• Sheraton Mirage Gold Coast
    (DBI Design formally Media 5) An important resort complex marking a crucial moment in the Gold Coast’s urban and architectural evolution, the Sheraton Mirage has survived intact, not least through a sensitive upgrade by DBI. It exhibits strong work from the newly formed Gold Coast office of the Pan-Pacific firm of Media 5, heralding the arrival of a new chapter in the life of the Gold Coast resort.


  • Syrenuse
    Noel Robinson Architects) Syrenuse apartments by Noel Robinson Architects was built in 1981. Its innovative slab and 6 x 6 grid meant the slender structure could provide fire protection whilst allowing full height glazing and connection to its view and aspect. Its organic form marked Mooloolaba as a contemporary destination at the time and it remains a benchmark for mid – high rise development.


  • Torbreck
    (AH Job and RP Froud) Torbreck Apartments on Highgate Hill, along with Mount Coo-tha, the Fourex Brewery, and the Suncorp Clock, were a series of locational icons by which the last two generations of Brisbane residents orientated themselves in the City. Brisbane first high-rise apartment building, now 55 years old, with its innovative construction techniques, effective passive climate control, acoustic privacy and robust construction materials, offers an enduring model for current apartment design.


  • Townsville City Council Administration Building
    (Lund Hutton Newell and Paulson) This building is a remarkable arrangement of the series of required administration spaces around a central covered court that provides the people of Townsville with one of its most important civic spaces. The Development in its overall scheme through to innovative detailed elements is entirely appropriate to the climate and context.


  • Murphy Pipe and Civil
    (Marc&Co Architects, Baber Studio and Jarosz Design) This fit out marries orthogonal and generous workspace with playful freeform interaction spaces. Intelligent use of cost effective materials in a screening device unifies the fit out and brings a sense of richness. Newstead Park is visually connected via a series of screens filtering out the major road in between.




  • New Farm Arbour
    (Owen and Vokes and Peters) New crafted architectural interventions are inventively orchestrated into the layers of history of this 1890s heritage listed masonry house. The Architect’s exploration for re-occupying the plan as a family home has resulted in sensitive renovations and delightful detailing whilst honouring the original building.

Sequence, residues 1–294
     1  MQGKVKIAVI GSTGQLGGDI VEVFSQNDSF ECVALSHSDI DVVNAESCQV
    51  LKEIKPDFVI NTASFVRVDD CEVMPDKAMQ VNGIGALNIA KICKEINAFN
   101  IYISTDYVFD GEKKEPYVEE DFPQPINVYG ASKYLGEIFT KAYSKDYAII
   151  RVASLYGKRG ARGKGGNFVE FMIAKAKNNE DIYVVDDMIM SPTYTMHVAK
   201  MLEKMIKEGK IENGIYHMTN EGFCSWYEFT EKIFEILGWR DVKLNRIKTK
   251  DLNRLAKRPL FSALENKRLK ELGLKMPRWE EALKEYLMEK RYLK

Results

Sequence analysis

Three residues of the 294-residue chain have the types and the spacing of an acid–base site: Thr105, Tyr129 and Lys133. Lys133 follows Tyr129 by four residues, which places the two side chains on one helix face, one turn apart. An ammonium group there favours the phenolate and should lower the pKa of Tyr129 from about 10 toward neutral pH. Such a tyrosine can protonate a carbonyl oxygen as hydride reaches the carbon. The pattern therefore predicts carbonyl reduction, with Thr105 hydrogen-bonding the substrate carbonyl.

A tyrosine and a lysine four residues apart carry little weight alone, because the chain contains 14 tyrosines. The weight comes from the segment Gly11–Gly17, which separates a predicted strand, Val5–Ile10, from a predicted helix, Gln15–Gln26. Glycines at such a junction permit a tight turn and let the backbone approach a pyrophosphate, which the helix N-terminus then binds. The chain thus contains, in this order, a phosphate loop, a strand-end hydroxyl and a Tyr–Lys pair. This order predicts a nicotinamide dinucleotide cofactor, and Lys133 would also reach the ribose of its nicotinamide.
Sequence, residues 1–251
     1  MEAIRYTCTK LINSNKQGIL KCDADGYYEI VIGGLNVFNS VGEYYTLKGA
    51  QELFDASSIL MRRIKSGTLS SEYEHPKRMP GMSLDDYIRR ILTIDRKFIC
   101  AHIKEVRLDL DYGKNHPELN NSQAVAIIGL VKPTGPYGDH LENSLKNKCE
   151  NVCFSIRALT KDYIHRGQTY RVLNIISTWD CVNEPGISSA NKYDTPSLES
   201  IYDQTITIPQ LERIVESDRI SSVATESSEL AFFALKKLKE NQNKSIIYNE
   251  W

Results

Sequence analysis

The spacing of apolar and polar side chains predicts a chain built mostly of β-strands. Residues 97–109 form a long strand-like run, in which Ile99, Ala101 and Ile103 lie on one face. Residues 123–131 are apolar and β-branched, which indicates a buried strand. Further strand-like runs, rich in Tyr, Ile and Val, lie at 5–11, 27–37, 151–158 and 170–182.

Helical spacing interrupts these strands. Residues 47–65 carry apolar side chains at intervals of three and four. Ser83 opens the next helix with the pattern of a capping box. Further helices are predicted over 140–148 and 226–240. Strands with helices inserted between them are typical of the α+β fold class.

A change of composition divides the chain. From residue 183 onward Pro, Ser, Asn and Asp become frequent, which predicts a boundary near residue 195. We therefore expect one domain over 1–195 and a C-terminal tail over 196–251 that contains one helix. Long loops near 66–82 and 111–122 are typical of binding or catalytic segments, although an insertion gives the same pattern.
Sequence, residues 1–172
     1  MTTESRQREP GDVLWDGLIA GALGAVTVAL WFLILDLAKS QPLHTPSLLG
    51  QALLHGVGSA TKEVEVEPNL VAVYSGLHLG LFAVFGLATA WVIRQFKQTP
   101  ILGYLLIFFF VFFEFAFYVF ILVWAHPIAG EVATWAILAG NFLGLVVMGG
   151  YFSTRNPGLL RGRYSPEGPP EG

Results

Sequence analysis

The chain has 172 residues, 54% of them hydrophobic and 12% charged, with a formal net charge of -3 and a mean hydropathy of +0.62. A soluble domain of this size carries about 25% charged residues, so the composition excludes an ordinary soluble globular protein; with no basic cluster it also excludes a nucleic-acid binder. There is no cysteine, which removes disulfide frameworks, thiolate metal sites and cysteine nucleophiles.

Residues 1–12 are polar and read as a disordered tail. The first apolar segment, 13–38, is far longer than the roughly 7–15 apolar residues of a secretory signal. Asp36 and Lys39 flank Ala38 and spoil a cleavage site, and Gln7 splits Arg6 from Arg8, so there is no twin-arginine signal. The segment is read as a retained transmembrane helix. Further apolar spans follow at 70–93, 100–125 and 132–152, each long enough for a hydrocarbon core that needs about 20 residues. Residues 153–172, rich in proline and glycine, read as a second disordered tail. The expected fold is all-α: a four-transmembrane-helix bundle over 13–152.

• RNA Industrial Pavilion Redevelopment
    (Cox Rayner Architects and Tanner Kibble Denton Architects in Association) This project conserves the iconic brick Gregory Terrace façade of the Ekka. The new building behind cleverly provides office accommodation and exhibition space while still invoking the memories of the old show bag pavilion. The technical solution to the conservation of the brick façade is bold and creative.


  • Brisbane City Hall Restoration Project
    (Tanner Kibble Denton Architects and GHD Architects in Association (TannerGHD) Masterfully conserving the fabric of the building the project has reinvigorated the spaces and uses of City Hall as a place for the people of Brisbane. New functions have been inserted creatively with the museum in the roof, and the complex servicing the commercial kitchen contained below the auditorium.


  • Post WW2 Development on the Coast & the Moffat Beach Pilot Study
    (Coordinated by Roger Todd Architect) It is hoped this study and website will alert Council, Architects, Building Designers, Town Planners and the General Public to the long term advantages in better conservation of Post WW2 Heritage.  It provides inspiration for new works and adaptive reuse and a platform to continue recording built History and Heritage.


Interior Architecture:


  • Redevelopment of Mt Isa Hospital
    (Conrad Gargett Riddel Ancher Mortlock Woolley) A respectful response to local cultures and the regional environment.  The high level of engagement of the facility with the indigenous population has been respected in the building design to the benefit of all users.  Strategies included integrated artwork, connection to landscape, use of natural light and materials and clear way finding.